(CTN News) – The British antitrust authority said on Friday that Microsoft’s plan to restructure its proposed $69 billion acquisition of Activision Blizzard “opens the door” to the biggest ever gaming merger being approved.
It was launched by Microsoft (MSFT) in early 2022, but the UK competition authorities banned it in April out of fear that the US computer giant would gain too much control of the emerging cloud gaming business.
Ubisoft Entertainment (UBI) and Activision Blizzard (ATVI), the company behind “Call of Duty,” reached a deal in August to sell ATVI’s streaming rights in an effort to win over the Competition and Markets Authority (CMA).
Ubisoft’s decision to sell its stake “substantially addresses previous concerns,” according to the Competition and Markets Authority.
The CMA added that while there were some remaining concerns with the revised arrangement, those concerns would be mitigated with the remedies Microsoft has proposed.
If the transaction is finalised, Microsoft will become the world’s third largest video game publisher, behind only Tencent and Sony.
A Microsoft spokesperson said the company was “encouraged by this positive development in the CMA’s review process.”
According to Microsoft President Brad Smith, “we presented solutions that we believe fully address the CMA’s remaining concerns related to cloud game streaming,” and the company will keep trying to get the green light to close before the October 18 deadline.
As the creators of “World of Warcraft,” “Overwatch,” and “Candy Crush Saga,” Activision sees a bright future working with Microsoft and is pleased with the preliminary approval.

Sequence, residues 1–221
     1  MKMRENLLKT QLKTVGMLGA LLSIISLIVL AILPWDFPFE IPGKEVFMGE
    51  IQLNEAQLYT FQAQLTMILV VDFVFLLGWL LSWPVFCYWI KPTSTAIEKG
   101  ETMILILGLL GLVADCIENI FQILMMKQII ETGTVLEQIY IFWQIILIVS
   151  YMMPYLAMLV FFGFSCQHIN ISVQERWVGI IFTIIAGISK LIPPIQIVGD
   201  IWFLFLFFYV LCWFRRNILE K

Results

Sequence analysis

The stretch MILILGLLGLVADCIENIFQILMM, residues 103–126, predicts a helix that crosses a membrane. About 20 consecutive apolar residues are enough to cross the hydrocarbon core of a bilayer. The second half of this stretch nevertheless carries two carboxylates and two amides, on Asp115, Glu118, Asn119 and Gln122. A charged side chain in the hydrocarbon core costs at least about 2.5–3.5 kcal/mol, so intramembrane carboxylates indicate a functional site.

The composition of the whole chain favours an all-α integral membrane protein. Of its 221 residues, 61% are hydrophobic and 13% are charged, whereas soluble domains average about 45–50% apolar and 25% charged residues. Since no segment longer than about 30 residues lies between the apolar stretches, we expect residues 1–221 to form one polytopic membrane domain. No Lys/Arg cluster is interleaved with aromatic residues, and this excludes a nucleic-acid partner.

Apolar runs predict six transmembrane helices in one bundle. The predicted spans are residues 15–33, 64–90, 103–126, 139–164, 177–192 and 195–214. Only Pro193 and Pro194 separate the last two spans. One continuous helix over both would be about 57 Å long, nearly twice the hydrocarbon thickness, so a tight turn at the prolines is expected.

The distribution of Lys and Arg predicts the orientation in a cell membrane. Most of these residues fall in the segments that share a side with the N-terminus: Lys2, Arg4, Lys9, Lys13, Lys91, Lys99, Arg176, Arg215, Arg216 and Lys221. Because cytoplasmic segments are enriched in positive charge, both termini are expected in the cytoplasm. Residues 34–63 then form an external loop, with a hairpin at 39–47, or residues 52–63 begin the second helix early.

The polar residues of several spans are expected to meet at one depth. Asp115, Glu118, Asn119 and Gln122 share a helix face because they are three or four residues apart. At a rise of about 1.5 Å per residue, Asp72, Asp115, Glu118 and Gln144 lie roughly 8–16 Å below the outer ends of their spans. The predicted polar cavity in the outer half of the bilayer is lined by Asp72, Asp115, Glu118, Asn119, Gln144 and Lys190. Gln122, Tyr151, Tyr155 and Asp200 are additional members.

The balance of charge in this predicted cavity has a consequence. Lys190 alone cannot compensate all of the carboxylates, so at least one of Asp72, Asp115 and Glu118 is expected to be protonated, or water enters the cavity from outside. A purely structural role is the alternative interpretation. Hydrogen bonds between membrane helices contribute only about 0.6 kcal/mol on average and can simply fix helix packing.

After Microsoft agreed in May to licence Activision’s games to other platforms—the same remedies that Britain had rejected—the European Union approved the transaction.
The merger has been opposed not only by antitrust regulators in Europe but also by the US Federal Trade Commission. The FTC is challenging a federal judge’s July ruling that the purchase can proceed.
Although reopening the case was a huge shift for the CMA, the agency insisted on Friday that it had been consistent and that Microsoft had “substantially restructured the deal” to appease its concerns.
CMA Chief Executive Sarah Cardell remarked, “It would have been far better if Microsoft had put forward this restructure during our original investigation.”
To paraphrase the court’s opinion, “this case illustrates the costs, uncertainty, and delay that parties can incur if a credible and effective remedy option exists but is not put on the table at the right time.”
While the loss of the cloud gaming rights is certainly not in Microsoft’s best interests, according to Sophie Lund-Yates, an equity analyst at Hargreaves Lansdown, it is necessary collateral if the deal is to be approved.
“It seems like this is the last speed bump,” she added.
Microsoft has proposed solutions to address the CMA’s “residual concerns” about the Ubisoft purchase, which would make the sale legally binding.
It is currently deliberating on the potential solutions.
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